Peace Corps recruits Butler students

Kate Goodrich | Staff Reporter

The Peace Corps will have a booth at the Big Dawg Fair this afternoon. The willingness of Butler students to volunteer regularly attracts Peace Corps recruiters and brings them to Butler’s campus.
“We’ve seen our applicants from Butler definitely have that spirit of volunteerism and that global perspective,” said Jessica Mayle, Peace Corps public affairs coordinator for the midwest region.
Kendrall Masten, regional recruiter for the Peace Corps, tries to come to Butler at least once or twice a semester, he said. He presented at an information session Monday night.
Students who go into the Peace Corps have typically studied abroad and look to go to graduate school, Masten said.
Since its establishment in 1961, the Peace Corps has served 139 countries with over 210,000 volunteers, according to its website. Volunteers are placed to serve a country in need for two years.
Volunteers are trained to work toward three goals: to meet the needs of the women and men in the village, to share American culture and to bring one’s experience home to share with others, Masten said. He first volunteered in Zambia and now shares his experience with others who hope to do the same.
“Working in the Peace Corps is an opportunity to make a difference,” he said. “It forms our mission to promote world peace and friendship.”
The Peace Corps has approximately 8,000 volunteers serving around the world. Butler University currently has three alumni volunteering. In the 52-year history of the Peace Corps, Butler sent an average of two volunteers from each graduating class.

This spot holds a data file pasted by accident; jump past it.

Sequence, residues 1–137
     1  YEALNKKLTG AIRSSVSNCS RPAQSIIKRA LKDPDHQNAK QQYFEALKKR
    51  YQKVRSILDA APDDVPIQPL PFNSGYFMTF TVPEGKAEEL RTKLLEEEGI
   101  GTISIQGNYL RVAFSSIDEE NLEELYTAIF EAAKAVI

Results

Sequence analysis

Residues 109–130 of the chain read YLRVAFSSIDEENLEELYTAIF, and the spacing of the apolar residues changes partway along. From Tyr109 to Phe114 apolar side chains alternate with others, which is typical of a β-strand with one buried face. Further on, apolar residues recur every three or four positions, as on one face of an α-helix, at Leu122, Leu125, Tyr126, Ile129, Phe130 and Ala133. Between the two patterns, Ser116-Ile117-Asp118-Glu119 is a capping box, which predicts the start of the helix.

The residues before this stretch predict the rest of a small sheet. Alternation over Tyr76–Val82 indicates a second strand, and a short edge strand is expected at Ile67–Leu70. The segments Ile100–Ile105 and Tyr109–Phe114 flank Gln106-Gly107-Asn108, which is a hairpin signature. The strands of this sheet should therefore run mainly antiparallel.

“It’s a life-defining opportunity to live and work abroad,” Masten said. “[Volunteers] gain international work experience and service itself, which allows them to look more desirable to employers and graduate schools.”
The Peace Corps will pay for partial or full graduate school tuition for participants. They also provide full medical and dental benefits as well as a stipend similar to what an official in the host village would make, Masten added.
After the Peace Corps, many students go into private sector or not-for-profit work. They also have the opportunity to be automatically considered for a position in the federal government if they meet the minimum job qualifications.
Steve Longo, a freshman majoring in political science, said he is considering joining the Peace Corps upon graduating. He first heard of the Peace Corps and its mission in his high school history class.
“These people are volunteering. They want to be there, and they want to make a difference,” Longo said.
Longo said he feels an experience in the Peace Corps would be beneficial for his future career in international politics.
The Peace Corps accepts volunteers from all majors. The organization provides chances to volunteer in education, agriculture, business, health and other interest areas.
“It’s something that, in middle school, my teacher had done, and he had nothing but nice things to say about it,”freshman Nancy Henz said.
Henz had considered joining the Peace Corps to have “the ability to serve others, travel to other countries, really witness what other people are going through, and use [her] specific skill set to help them.”
The Peace Corps has a rolling application process which typically takes about eight months. Students usually apply the summer before their senior year, so they can go abroad the year after they graduate.

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